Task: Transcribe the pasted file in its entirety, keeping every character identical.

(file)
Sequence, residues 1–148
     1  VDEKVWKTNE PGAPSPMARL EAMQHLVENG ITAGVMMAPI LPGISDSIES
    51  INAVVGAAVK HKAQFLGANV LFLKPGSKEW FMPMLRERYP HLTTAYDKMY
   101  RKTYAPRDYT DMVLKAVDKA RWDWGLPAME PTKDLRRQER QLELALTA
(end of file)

Sequence, residues 1–148
     1  VDEKVWKTNE PGAPSPMARL EAMQHLVENG ITAGVMMAPI LPGISDSIES
    51  INAVVGAAVK HKAQFLGANV LFLKPGSKEW FMPMLRERYP HLTTAYDKMY
   101  RKTYAPRDYT DMVLKAVDKA RWDWGLPAME PTKDLRRQER QLELALTA